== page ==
Premedication: Premedication should be selected according to the need of the individual patient and at the discretion of the anesthesiologist.
Surgical Anesthesia: The concentration of sevoflurane being delivered from a vaporizer during anesthesia should be known. This may be accomplished by using a vaporizer calibrated specifically for sevoflurane.
Induction: Dosage should be individualized and titrated to the desired effect according to the patient's age and clinical status. A short-acting barbiturate or other IV induction agent may be administered followed by inhalation of sevoflurane. Induction with sevoflurane may be achieved in oxygen or in combination with oxygen-nitrous oxide mixtures. For induction of anesthesia, inspired concentrations of up to 8% sevoflurane usually produces surgical anesthesia in <2 min in both adults and children.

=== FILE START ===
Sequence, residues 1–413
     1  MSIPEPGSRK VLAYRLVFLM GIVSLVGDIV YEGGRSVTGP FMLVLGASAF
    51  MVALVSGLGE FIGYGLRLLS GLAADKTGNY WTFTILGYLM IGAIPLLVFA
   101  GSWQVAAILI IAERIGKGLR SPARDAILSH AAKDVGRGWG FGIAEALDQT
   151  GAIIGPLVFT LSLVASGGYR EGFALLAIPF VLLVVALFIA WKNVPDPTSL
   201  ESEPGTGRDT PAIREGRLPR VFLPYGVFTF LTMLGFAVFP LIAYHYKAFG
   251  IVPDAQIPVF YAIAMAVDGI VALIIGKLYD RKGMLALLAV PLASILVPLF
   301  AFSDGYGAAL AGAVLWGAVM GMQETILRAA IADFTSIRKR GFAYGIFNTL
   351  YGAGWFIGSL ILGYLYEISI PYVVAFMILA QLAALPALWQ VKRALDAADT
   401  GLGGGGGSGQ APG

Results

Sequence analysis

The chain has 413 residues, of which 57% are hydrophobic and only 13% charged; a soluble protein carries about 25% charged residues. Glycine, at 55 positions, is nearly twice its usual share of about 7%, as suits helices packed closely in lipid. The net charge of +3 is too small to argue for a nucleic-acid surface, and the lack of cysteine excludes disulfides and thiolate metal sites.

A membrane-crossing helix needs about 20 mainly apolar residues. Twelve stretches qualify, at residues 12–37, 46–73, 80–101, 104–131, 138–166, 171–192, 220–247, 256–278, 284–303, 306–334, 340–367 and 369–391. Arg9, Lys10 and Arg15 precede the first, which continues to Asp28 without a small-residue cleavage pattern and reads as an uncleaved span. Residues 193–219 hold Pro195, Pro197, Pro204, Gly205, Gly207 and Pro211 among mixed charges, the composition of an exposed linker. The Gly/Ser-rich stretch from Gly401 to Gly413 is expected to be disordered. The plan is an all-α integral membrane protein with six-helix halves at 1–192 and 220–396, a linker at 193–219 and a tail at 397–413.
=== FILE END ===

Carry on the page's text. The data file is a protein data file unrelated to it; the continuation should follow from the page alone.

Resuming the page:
Maintenance: Surgical levels of anesthesia may be sustained with concentrations of 0.5-3% sevoflurane with or without the concomitant use of nitrous oxide (see Nitrous Oxide under Interactions). (See Table 3.)
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Emergence: Emergence times are generally short following sevoflurane anesthesia. Therefore, patients may require postoperative pain relief earlier.
Elderly: Minimum alveolar concentration decreases with increasing age. The average concentration of sevoflurane to achieve MAC in an 80 years of age is approximately 50% of that required in a 20 years of age.